5. Provide a Safe Space

Always make sure your cat has a safe space to escape to. You can also add a safe space in the room where your visitors are. This way, if your cat is intrigued by new people, they can watch from the top of a cupboard or another safe space. Cats usually prefer higher spots where they feel they are out of the way, but they also like to be able to see the person.

Two highlander cats resting in a cat tower together
Image Credit: Patrick Hatt, Shutterstock

6. Be Patient

You can’t force your cat to befriend or even approach new visitors. You will need to wait until the cat approaches them. You can give visitors a handful of treats or use other techniques that will make your cat more inclined to investigate, though.

7. Make it Fun

Don’t take it too seriously and try to impart some fun into proceedings. If your cat has a favorite game or a favorite toy, use that in the room with your visitors. Eventually, once your cat has built up a little trust, you can have your visitors play with the toy. It’s amazing how quickly some cats will bond with people who are willing to play with their favorite wand toy.

Woman playing with a cat
Image Credit: CandyRetriever, Shutterstock


Is Socialization Important?

A socialized cat knows how to behave around people, whether they are family or strangers. They will be confident enough that visitors won’t stress them out and it can help avoid scratches and bites, which are especially common with over-eager children.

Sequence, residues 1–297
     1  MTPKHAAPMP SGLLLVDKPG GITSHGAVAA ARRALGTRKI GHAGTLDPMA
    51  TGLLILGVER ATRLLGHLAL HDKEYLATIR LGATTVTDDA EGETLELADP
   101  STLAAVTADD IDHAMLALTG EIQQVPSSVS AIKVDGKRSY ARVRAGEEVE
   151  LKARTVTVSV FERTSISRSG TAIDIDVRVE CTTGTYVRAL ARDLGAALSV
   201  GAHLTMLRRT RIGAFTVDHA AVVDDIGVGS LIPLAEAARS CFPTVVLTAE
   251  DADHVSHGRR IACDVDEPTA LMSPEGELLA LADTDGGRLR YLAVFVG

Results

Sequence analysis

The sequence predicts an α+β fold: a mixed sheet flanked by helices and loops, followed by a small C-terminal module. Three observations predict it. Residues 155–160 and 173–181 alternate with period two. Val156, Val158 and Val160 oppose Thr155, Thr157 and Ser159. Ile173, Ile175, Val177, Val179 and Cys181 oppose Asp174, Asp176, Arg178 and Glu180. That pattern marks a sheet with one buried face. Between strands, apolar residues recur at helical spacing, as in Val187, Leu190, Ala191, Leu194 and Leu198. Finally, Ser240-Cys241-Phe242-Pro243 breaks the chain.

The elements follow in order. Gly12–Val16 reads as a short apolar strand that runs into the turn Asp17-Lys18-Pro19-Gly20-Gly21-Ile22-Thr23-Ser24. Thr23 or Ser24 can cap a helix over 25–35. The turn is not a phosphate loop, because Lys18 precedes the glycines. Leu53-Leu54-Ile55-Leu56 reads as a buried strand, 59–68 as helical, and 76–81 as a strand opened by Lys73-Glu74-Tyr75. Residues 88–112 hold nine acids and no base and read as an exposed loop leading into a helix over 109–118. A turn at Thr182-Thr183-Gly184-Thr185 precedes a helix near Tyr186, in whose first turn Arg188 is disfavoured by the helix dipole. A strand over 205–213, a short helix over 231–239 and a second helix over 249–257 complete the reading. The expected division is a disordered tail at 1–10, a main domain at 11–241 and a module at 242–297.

Is It Too Late to Socialize My Cat?

Most cats, even adult cats with no previous experience of socialization, can be socialized and it can help reduce their stress, as well as yours. Older cats do tend to take longer to socialize than kittens, but it is still possible, even with seniors.

Woman with cat after playing
Image Credit: Chamomile_Olya, Shutterstock

Can You Socialize an Older Cat With Other Cats?

Introducing two cats can be challenging if one of them is territorial or not used to being around other animals. It will take time and you will need to be patient. Start by making sure both pets have separate spaces that they can disappear into. Ensure you take introductions slowly and don’t put them both in a room and hope they work it out. This post1 has a detailed description of how to successfully introduce cats to each other.


Wrapping Up

Cats benefit from good socialization, and so too do their owners. While it is recommended that you start socialization when your cat is still very young, it is never too late to try. Enlist volunteers to come around. Give them treats when they arrive and let your cat approach them, rather than the other way around. If they do investigate, your visitor can offer a treat as a reward. Invite more people around and keep up the practice. Don’t overwhelm your cat with too many people in any one visit, though.

Featured Image Credit: xixicatphotos, Shutterstock